If you're in a new city, dive in! Take your weekends to fall in love with your neighborhood. Find a bike path you love or a cafe that inspires you. Make sure that when your friends and family come to visit you, you don't have to turn to Yelp to look for recommendations on where to take them.
4. Learn to cook.
Mildly inspired by my recent addiction to Master Chef but mostly by my own love of cooking: Stop eating out every day! It's not good for your wallet and $3 pizza slices are no exception. Confession, I gained so much weight (okay, like five pounds, but still) and wasted so much money eating out three times a day while we were moving and didn't have a suitable kitchen set up. Even if you have unlimited funds and a wildly fast metabolism, there's something about being able to go into a kitchen and prepare a beautiful, delicious, healthy meal that really makes you feel like a grown woman. No? Just me? Okay.
5. Build a dream team.
I don't know about you, but working forty hours a week has not left me with even half the time I had in college to hang out with my friends and it can be really stressful to not have enough time to give to everyone who wants your attention. So I've made a decision that may not be popular, but I think is really important: It's okay to be picky with your friends.
I'm serious. Build yourself a dream team. This is the time. Surround yourself with good vibes and people who inspire you. Respect yourself enough to take a step back and take a good look at your friendships. Fight for the ones that matter and don't stress about the ones that don't. Remember that version of yourself you agreed to work towards in point one? Invest in the people who are going to help you get there. Dump the girlfriend who spends more time rooting against you than for you because you intimidate her and lose touch with the people who only "miss you soooooo much" when they need a favor. And remember, your friendship making days are far from over! I know a lot of people are scared about the idea of meeting new people after college, but I promise, a lot of the people that will ultimately be some of the most important forces in your life haven't even entered it yet. Leave some space for them to come in and shake your world up in the best possible ways.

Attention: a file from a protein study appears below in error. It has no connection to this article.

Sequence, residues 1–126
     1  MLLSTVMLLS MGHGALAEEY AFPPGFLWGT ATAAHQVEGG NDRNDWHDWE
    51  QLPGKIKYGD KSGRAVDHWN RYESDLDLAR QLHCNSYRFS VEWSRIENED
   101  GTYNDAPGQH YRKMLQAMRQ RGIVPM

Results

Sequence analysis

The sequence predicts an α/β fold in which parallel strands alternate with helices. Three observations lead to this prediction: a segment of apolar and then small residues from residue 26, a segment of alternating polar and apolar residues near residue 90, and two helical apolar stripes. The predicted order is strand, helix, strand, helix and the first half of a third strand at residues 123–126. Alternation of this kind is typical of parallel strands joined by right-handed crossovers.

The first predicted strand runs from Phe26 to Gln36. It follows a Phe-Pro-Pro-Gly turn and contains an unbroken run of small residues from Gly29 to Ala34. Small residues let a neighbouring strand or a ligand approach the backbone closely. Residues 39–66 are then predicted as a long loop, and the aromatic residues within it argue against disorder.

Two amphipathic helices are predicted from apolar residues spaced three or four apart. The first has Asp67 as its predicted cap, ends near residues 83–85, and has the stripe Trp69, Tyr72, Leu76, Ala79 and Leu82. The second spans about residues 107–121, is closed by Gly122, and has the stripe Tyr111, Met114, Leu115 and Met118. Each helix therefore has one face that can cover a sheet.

Also, call your mom. That period of your life in which you can be defiant and passive aggressive with your family without it permanently effecting your relationships is running out, FAST. Start putting in an effort in the relationships that matter the most.
*Alright show-off, you're ahead of the game and know how to not blow all your money on 4 am Chinese takeout, you're so cool. But I will say this is an awesome time to think about investing. If you can learn how to make your money work for you now, the world is yours. Also, get some life insurance. I know, I know, you're not gonna die for a LONG time but it will never be cheaper than it is right now and when you're fat and forty you'll be kicking your twenty-two year old self for not planning ahead.